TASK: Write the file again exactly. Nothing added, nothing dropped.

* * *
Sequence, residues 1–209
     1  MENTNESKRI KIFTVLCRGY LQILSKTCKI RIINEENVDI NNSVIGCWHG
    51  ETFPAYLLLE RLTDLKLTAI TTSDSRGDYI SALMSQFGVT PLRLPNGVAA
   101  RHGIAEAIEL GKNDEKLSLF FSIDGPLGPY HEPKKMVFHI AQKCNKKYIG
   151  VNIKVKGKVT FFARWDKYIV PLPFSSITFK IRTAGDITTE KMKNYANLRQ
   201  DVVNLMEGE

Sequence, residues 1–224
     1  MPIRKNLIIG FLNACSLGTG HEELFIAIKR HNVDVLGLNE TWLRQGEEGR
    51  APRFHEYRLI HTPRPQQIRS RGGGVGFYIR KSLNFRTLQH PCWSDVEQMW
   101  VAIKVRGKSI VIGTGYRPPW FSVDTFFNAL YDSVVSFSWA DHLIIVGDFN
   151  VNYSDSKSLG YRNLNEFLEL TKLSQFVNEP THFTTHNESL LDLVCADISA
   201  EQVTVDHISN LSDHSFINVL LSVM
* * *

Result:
Sequence, residues 1–209
     1  MENTNESKRI KIFTVLCRGY LQILSKTCKI RIINEENVDI NNSVIGCWHG
    51  ETFPAYLLLE RLTDLKLTAI TTSDSRGDYI SALMSQFGVT PLRLPNGVAA
   101  RHGIAEAIEL GKNDEKLSLF FSIDGPLGPY HEPKKMVFHI AQKCNKKYIG
   151  VNIKVKGKVT FFARWDKYIV PLPFSSITFK IRTAGDITTE KMKNYANLRQ
   201  DVVNLMEGE

Sequence, residues 1–224
     1  MPIRKNLIIG FLNACSLGTG HEELFIAIKR HNVDVLGLNE TWLRQGEEGR
    51  APRFHEYRLI HTPRPQQIRS RGGGVGFYIR KSLNFRTLQH PCWSDVEQMW
   101  VAIKVRGKSI VIGTGYRPPW FSVDTFFNAL YDSVVSFSWA DHLIIVGDFN
   151  VNYSDSKSLG YRNLNEFLEL TKLSQFVNEP THFTTHNESL LDLVCADISA
   201  EQVTVDHISN LSDHSFINVL LSVM